Three memory settings are available for the driver’s seat and both front seats are 10-way power adjusted. They offer good back and side support and a well-formed butt pocket. Lexus excels at seats. The front seats are automatically heated and cooled so you normally would not have to fiddle with settings for them. That feature and the sun shade are part of a Premium package that adds $1,760 to the price. Rain-sensing wipers are part of the deal too, but oddly not a heated steering wheel
Back seat riders praised the seats’ comfort and everyone liked the overhead sunroof, a plus when Milwaukee is suffering through another long rainy spring/summer. Nice to let a little light into the car’s dark cabin.
Likely the biggest hit of the car’s dash and interior features is the giant 12.3-inch screen for the navigation, radio and other onboard features. It also allows for easy viewing of the backup camera. Sadly Lexus sticks with the console-located mouse to operate the screen’s functions, something I don’t recommend when you’re driving, as it can be distracting. There are volume and tuning knobs alongside the screen though. And the mouse is easier to use than the little touchpads that Lexus sometimes uses on its consoles. More on that in next week’s review.
The GS 350 also has a large storage box between the seats and it will slide back and forth. When back it reveals the box and several power and auxiliary outlets inside. The test car also added lighted kick plates, a nice for night entry and exit. That costs $425 extra.
Gas mileage is typical big luxury sport sedan with an EPA rating of 19 mpg city and 26 mpg highway. I got 23.9 mpg in about 70% highway driving. Premium fuel is preferred.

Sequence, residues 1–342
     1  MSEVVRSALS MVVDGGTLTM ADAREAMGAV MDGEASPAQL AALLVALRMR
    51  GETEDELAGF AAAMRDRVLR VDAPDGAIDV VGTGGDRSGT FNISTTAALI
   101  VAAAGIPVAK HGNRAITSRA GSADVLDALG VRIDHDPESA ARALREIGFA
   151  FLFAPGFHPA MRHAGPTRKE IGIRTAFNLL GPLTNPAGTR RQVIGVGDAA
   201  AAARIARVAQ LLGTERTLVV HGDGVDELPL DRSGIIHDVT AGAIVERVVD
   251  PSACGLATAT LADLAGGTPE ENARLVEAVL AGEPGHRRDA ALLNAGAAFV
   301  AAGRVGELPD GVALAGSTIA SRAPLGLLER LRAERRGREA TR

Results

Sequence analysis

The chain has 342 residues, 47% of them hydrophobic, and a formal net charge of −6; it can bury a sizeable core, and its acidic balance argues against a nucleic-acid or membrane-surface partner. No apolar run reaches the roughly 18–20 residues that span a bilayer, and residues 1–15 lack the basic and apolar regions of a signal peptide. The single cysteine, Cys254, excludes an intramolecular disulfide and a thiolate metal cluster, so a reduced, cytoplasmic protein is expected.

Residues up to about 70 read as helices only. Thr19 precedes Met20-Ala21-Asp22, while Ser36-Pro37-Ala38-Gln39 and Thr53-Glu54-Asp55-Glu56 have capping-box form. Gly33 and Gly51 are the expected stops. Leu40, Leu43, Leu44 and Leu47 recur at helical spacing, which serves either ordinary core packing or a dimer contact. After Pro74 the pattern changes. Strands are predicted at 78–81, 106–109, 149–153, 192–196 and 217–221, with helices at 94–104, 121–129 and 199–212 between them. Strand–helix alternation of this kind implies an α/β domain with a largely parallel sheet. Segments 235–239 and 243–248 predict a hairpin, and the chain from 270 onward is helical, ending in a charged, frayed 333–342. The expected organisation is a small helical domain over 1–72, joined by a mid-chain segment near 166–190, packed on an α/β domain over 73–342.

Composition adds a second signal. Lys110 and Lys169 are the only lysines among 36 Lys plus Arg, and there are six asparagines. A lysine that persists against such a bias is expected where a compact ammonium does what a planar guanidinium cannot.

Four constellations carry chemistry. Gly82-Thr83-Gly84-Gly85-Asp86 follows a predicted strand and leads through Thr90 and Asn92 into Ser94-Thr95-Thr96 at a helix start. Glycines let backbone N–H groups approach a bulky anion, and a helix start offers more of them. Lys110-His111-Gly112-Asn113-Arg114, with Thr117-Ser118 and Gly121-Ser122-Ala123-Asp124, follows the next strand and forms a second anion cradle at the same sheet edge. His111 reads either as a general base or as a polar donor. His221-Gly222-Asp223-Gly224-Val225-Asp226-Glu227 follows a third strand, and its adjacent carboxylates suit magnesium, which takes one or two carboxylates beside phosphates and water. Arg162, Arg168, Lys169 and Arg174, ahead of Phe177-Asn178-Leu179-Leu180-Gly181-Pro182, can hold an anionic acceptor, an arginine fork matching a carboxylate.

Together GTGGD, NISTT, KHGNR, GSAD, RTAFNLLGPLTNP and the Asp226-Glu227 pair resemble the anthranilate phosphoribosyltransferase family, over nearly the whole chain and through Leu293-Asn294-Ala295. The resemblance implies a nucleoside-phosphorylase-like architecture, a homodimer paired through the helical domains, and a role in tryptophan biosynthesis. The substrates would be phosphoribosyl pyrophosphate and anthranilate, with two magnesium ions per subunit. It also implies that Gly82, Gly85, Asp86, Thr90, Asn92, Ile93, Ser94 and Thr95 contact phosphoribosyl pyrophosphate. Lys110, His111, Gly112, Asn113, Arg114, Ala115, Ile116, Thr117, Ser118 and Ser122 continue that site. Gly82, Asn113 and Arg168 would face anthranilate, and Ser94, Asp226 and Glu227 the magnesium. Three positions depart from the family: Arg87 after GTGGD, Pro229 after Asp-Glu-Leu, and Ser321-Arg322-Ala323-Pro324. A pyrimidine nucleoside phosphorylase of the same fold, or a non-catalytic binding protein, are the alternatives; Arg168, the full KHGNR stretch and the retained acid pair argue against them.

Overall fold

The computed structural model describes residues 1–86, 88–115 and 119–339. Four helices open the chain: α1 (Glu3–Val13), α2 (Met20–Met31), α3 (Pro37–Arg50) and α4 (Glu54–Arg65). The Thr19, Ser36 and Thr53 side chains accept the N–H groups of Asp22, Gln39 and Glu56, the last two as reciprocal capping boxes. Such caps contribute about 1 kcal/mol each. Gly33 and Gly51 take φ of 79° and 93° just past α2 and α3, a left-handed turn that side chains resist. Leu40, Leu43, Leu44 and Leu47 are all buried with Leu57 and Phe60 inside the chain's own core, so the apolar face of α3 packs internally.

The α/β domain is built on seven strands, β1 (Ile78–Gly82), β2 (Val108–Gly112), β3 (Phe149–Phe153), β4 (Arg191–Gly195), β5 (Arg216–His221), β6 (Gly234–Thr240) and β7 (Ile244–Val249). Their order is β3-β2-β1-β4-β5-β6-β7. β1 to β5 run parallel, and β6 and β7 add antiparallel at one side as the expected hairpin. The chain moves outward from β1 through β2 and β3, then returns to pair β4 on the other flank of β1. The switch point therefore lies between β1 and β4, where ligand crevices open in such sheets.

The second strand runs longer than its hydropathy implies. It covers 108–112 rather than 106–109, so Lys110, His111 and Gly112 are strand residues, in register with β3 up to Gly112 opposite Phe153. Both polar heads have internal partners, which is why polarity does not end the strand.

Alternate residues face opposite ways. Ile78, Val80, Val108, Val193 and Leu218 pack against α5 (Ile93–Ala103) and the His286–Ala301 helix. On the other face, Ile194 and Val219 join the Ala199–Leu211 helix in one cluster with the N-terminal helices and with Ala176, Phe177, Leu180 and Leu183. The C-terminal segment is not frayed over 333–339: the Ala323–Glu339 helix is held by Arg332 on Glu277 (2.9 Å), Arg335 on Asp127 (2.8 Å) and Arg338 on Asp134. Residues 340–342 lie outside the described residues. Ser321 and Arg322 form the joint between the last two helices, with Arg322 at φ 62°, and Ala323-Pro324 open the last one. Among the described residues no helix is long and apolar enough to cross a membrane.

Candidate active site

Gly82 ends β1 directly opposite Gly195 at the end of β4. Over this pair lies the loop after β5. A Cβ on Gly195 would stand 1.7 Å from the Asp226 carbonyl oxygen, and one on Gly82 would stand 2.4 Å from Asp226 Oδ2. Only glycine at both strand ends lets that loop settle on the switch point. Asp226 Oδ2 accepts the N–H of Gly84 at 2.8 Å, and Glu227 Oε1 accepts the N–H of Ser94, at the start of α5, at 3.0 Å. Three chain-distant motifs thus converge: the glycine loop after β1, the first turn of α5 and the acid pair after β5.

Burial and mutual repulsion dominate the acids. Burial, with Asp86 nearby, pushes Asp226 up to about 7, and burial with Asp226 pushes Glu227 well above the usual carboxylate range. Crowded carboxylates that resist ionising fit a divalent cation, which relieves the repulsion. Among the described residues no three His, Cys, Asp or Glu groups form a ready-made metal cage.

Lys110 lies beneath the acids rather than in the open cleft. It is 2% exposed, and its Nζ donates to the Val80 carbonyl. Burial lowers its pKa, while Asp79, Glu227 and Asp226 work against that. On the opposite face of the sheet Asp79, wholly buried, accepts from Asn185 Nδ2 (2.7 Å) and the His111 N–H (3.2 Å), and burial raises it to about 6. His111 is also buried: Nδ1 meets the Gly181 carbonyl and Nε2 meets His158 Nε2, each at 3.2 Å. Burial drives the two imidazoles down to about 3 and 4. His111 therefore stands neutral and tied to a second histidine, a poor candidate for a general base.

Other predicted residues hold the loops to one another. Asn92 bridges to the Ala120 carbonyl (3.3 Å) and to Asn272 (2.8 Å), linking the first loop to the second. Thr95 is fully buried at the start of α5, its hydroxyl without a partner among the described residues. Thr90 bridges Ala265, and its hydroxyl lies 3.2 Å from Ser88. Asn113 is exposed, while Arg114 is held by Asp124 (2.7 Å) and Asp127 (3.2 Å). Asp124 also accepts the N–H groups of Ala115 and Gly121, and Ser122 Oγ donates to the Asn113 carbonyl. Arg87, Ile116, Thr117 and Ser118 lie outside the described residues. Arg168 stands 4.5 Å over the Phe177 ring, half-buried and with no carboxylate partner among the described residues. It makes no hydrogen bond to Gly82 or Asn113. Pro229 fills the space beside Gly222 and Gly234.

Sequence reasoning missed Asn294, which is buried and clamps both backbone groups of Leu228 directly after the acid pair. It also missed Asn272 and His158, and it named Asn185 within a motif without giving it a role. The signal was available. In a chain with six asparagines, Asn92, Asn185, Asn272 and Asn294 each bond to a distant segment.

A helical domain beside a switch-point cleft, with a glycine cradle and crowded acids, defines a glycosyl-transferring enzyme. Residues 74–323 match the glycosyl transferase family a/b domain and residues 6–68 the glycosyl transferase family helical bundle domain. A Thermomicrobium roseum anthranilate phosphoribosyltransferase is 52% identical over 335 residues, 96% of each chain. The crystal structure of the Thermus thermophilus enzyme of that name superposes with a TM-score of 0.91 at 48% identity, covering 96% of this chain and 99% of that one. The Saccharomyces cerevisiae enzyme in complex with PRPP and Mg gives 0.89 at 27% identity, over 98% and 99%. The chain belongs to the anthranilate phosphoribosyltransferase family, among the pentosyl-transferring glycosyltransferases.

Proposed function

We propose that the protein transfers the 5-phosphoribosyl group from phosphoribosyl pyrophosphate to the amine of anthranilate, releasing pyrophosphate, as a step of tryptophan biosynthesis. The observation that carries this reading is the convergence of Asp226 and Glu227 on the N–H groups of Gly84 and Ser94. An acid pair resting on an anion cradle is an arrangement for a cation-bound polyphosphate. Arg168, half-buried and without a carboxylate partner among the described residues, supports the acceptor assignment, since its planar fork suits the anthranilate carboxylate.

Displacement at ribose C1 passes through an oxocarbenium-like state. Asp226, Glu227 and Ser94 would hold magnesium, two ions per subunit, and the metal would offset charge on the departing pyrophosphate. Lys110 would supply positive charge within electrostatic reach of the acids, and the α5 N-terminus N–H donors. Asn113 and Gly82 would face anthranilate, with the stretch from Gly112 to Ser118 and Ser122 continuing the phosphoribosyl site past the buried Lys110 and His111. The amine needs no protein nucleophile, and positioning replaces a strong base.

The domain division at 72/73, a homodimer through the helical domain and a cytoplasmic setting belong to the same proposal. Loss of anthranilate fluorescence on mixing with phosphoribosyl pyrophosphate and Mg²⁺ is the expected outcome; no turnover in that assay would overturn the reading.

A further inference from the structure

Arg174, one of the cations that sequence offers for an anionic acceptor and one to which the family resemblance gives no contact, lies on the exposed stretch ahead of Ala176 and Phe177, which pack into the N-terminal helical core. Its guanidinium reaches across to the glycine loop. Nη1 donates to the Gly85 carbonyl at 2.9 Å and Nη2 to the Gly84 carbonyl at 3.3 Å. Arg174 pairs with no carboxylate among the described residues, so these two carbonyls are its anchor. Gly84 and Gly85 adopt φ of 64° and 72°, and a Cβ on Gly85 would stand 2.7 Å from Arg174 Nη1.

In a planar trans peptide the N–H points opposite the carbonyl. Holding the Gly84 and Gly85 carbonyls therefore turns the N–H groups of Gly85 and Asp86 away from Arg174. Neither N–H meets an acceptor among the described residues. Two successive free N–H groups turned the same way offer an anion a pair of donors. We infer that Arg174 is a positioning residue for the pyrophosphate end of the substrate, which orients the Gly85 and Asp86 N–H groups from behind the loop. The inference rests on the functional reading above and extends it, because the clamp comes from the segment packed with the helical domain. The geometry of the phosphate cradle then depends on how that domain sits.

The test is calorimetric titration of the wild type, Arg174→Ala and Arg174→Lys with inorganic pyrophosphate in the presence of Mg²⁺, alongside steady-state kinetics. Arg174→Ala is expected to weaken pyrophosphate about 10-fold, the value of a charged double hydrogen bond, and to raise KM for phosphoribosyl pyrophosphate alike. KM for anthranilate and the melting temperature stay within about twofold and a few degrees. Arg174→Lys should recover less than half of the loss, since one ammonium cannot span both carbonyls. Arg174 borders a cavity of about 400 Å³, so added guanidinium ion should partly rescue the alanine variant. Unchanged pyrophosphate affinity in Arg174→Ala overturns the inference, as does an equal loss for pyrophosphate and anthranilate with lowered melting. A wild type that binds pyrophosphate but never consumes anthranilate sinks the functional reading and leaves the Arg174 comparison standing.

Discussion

Ah, luxury has its price and for the GS, of which there are several models, the base GS 300 starts at $47,535 and features a 2.0-liter four-cylinder turbo that makes 241 horsepower. Gas mileage is considerably better than in the test car too at 22 mpg city and 32 mpg highway.
If hybrids are more your bag, then the GS 450h with 338 horses and a 31 mpg combo rating may be more to your liking. It lists at $64,600. But folks who need the maximum power (price be darned), should look at the GS F with its 405-horse V8. Sticker is $85,380.
It’s your 401k you’ll be raiding, but at any level the GS will satisfy with its quiet luxurious interior, nice handling and edgy (for a large luxury sport sedan) looks.
FAST STATS: 2018 Lexus GS 350 AWD
Hits: Quiet, comfy large sedan with good power, ride and handling, plus AWD. Automatic heated/cooled seats, sun roof, rear sun shade, 3-memory driver’s seat, big screen. Sport setting gives it a bit sportier performance.
Misses: Big sport sedan gas mileage, no heated steering wheel and no rear seat side sun shades.
Made in: Japan
Engine: 3.5-liter V6, 311 horsepower
Transmission: 6-speed automatic
Weight: 3,891 lbs.
Length: 192.1 in.
Wheelbase: 112.2 in.
MPG: 23.9 (tested/mostly highway)
Base Price: $51,360 (includes delivery)
Premium package (rain-sensing wipers, heated/cooled front seats, power rear sunshade, $1,760
Leather steering wheel and gray sapele trim, $650
Illuminated door sills, $425
Body side moldings, $199
Test vehicle: $54,394
Sources: Lexus, www.kbb.com
Photos: Mark Savage